Chicago Blackhawks centre Jonathan Toews (19) shoots the puck against Vancouver Canucks goaltender Jacob Markstrom (25) during the second period at United Center. Mandatory Credit: David Banks-USA TODAY Sports
Jacob Markstrom (25) makes a save against Chicago Blackhawks centre Kirby Dach (77) during the first period at United Center.
Chicago Blackhawks’ Alex Nylander (92) keeps Vancouver Canucks’ Tyler Myers away from the puck during the first period of an NHL hockey game Thursday, Nov. 7, 2019, in Chicago.
Vancouver Canucks’ Adam Gaudette, right, is unable to get his stick on a bouncing puck as Chicago Blackhawks goaltender Corey Crawford (50) defends during the first period of an NHL hockey game Thursday, Nov. 7, 2019, in Chicago. ORG XMIT: CXA106 [PNG Merlin Archive]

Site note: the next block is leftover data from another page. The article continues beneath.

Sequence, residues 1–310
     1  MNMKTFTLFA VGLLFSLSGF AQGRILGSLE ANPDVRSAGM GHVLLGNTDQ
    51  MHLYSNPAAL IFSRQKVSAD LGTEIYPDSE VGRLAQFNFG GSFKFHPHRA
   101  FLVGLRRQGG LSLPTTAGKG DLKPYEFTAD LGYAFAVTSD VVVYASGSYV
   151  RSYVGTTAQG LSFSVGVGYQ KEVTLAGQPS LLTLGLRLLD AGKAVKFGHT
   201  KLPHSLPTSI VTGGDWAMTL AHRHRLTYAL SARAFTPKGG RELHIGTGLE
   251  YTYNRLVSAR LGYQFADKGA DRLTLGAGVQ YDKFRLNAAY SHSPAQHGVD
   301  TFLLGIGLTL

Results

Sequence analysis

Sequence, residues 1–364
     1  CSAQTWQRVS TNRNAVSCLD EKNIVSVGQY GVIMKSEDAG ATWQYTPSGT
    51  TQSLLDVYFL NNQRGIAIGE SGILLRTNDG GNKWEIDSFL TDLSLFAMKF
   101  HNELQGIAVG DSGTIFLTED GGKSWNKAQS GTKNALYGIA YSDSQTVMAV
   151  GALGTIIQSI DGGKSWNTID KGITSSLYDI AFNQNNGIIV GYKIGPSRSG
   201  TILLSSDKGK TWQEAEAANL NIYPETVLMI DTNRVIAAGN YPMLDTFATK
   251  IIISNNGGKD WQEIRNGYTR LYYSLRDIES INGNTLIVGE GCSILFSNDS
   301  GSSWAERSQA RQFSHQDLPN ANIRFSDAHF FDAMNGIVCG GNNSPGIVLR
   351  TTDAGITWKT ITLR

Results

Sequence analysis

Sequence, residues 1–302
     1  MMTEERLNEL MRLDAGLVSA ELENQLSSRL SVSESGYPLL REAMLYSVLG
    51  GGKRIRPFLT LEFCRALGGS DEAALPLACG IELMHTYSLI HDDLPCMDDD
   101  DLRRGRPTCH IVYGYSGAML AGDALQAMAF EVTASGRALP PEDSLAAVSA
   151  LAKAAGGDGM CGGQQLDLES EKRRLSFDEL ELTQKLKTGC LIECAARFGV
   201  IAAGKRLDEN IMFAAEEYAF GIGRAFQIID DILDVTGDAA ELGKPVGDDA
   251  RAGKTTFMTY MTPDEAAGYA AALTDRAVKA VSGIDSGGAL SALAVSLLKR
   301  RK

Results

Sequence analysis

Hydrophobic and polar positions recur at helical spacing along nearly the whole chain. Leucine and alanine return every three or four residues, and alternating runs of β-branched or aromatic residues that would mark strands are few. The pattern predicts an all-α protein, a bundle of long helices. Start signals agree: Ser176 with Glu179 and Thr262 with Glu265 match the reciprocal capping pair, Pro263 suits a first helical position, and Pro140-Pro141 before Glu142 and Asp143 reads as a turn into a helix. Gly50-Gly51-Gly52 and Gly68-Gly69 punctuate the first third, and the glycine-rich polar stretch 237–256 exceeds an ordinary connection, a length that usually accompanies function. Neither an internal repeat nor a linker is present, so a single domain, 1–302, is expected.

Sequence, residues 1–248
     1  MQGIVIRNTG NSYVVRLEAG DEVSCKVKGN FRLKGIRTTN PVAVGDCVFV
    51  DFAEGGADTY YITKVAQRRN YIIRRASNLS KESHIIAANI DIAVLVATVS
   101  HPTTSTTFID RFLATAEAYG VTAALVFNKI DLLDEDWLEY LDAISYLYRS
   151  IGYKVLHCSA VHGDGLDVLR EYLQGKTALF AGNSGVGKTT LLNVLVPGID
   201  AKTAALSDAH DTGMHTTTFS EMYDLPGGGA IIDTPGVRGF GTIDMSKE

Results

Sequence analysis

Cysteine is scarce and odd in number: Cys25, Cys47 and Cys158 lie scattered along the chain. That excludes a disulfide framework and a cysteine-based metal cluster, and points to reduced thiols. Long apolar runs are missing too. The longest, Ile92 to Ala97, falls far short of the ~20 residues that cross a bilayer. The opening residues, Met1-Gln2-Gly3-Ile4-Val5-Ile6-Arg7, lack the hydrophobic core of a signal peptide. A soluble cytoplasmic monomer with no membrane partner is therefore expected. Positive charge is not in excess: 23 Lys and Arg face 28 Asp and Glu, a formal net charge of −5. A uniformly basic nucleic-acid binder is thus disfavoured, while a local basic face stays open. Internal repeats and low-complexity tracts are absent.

Chicago Blackhawks goaltender Corey Crawford, right, makes a save as Vancouver Canucks’ Loui Eriksson (21) tries for a rebound during the first period of an NHL hockey game Thursday, Nov. 7, 2019, in Chicago.
CHICAGO — The Vancouver Canucks came into Thursday’s meeting in the Windy City as one of the NHL’s hottest teams. The Chicago Blackhawks were one of the coldest.
Still hard to wrap your mind around that one but the Hawks, it seems, still have enough Patrick Kane, enough Jonathan Toews, and enough Corey Crawford to handle the Canucks.
Here’s what we learned from the Blackhawks’ 5-2 win at the United Center:
• In losing their first game in regulation since dropping a 1-0 decision to New Jersey on Oct. 19, the Canucks weren’t demonstrably awful. But neither were they very good, right Travis Green?
“I just don’t think we were very good,” said the Canucks’ head coach.